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  #1  
Old 08-07-2012
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Zink placement

A friend had a little mishap on his Cal 30. It seems the rudder will rotate 180 degrees with the tiller up, allowing the rudder to contact the prop. Not a good idea when the prop is turning! The meeting broke the strut, chipped the prop, and of course...gouged the rudder.
In any event, the strut and prop turned out to be very pink (don't know age). Picture of the carnage attached. Two shaft zincs are forward of the Strut. The strut is isolated from the Zincs by a Cutlass bearing. Do the zinks protect it at all?
Would he be be better off using a non folding prop with a zink mounted on it?
Could two shaft zincs be too many? Too much zinc?

On my boat, I have a shaft Zink (prop is midships) and a zink mounted on the fiberglass skeg rudder. I replace the shaft Zink every 1.5 years, but have never needed to replace the skeg zink. How much do non-bonded Zinks do?
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Zink placement-dscn0114%5B1%5D.jpg  

Last edited by L124C; 08-07-2012 at 05:19 PM.
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Old 08-07-2012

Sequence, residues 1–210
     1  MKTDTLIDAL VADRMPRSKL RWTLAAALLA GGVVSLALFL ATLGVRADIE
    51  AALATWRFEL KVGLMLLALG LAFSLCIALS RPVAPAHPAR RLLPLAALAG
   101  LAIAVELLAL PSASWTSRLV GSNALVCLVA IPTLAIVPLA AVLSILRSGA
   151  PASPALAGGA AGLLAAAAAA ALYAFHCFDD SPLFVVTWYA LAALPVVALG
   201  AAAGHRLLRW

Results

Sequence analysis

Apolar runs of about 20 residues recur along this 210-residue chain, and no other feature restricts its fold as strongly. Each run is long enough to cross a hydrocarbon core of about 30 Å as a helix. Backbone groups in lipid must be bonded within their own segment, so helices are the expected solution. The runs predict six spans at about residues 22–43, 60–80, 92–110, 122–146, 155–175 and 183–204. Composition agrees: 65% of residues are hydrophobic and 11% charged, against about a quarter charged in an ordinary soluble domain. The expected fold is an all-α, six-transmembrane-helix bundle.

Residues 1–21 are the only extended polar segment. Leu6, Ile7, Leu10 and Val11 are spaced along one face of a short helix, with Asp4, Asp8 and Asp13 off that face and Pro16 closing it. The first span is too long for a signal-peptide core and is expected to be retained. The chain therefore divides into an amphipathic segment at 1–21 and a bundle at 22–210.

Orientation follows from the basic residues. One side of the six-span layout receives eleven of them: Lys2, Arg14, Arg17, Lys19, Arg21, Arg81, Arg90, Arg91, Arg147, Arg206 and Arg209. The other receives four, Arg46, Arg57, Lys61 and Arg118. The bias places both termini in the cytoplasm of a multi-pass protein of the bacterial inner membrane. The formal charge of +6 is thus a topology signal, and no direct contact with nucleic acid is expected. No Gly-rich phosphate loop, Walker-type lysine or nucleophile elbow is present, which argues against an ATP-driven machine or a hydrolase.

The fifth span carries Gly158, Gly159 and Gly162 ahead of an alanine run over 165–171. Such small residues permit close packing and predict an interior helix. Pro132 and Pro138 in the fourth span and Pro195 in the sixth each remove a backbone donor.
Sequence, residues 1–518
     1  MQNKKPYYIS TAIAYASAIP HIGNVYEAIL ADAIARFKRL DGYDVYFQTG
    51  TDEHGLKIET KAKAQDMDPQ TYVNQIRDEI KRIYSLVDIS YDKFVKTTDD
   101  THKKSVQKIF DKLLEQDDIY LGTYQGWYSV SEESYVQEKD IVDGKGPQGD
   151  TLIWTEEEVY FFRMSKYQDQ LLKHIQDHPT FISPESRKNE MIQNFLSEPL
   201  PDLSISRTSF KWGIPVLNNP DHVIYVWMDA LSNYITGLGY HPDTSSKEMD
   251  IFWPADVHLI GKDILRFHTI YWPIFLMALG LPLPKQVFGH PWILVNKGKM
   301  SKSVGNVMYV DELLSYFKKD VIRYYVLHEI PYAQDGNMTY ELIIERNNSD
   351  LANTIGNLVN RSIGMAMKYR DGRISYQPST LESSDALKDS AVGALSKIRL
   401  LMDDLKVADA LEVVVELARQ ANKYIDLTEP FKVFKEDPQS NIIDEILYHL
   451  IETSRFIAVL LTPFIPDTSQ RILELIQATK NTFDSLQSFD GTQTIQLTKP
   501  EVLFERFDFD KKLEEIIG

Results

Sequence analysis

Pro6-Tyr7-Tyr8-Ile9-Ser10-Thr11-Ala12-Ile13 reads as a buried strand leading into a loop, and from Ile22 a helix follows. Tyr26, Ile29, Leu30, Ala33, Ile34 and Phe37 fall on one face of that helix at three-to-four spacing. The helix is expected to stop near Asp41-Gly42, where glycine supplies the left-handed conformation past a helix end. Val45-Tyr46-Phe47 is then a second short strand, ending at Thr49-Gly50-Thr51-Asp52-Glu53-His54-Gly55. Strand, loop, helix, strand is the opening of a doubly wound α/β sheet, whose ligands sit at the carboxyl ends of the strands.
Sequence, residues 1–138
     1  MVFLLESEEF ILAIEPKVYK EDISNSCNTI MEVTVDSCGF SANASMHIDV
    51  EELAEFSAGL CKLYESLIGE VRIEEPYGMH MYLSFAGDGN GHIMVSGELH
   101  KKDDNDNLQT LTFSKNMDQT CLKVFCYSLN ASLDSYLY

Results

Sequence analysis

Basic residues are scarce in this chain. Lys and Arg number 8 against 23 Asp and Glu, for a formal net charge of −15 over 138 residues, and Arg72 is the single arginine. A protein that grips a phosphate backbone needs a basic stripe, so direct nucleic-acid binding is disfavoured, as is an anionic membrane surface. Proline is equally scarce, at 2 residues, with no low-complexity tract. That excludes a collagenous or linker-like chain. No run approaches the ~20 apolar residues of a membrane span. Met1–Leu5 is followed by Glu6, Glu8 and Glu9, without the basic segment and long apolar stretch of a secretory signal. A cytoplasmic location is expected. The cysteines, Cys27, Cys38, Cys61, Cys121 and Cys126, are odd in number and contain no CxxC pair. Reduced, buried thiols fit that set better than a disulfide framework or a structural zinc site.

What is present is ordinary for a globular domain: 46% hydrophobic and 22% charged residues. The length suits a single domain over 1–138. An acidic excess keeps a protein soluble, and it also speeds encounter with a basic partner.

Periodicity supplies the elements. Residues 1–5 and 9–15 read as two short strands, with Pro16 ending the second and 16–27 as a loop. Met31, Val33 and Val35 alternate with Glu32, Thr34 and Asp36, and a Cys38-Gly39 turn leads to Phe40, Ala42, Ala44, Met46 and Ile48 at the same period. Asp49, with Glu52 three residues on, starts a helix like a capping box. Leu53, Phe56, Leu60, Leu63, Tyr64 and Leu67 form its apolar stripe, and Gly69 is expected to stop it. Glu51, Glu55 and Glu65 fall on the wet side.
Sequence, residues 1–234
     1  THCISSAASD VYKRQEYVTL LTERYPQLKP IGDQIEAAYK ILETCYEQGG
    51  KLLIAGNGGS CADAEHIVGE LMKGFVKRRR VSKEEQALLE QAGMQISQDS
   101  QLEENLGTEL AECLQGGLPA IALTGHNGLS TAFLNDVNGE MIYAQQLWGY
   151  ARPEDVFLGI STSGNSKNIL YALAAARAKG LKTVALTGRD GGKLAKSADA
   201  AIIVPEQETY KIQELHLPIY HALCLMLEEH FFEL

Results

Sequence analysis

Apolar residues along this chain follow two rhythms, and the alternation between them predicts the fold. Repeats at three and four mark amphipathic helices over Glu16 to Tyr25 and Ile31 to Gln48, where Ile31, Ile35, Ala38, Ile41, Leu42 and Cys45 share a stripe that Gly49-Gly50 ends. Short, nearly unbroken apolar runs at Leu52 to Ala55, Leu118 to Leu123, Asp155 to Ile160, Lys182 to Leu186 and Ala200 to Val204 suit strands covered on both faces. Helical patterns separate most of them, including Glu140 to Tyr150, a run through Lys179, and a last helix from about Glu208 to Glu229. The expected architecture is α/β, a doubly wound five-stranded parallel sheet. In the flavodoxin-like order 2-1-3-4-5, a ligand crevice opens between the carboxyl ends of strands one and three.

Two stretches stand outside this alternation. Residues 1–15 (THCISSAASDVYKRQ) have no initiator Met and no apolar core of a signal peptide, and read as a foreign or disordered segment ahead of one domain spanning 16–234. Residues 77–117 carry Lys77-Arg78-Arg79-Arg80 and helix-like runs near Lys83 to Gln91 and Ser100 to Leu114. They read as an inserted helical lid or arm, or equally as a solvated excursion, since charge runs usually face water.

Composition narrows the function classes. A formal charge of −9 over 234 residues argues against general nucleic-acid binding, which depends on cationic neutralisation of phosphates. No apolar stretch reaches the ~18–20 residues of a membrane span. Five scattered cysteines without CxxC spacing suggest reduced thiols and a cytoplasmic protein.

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Re: Zink placement

Just showed a diver (mentioned in the other thread I provided a link to) the picture. He said he wouldn't add any more zink, but that the two shaft zincs were about right. He said the strut is isolated and is therefore on it's own (galvanically). Depending on how it is mounted, bonding may be provided internally. If not, something should be done externally. He mentioned that folding props require regular maintenance to keep the blades functioning and bonded.
The owner of the Cal wanted to coat the shaft with something to reduce crustations. The diver recommended something called Prop Speed. He said it is painted on the shaft and the prop, is expensive and fairly effective. propspeed.com
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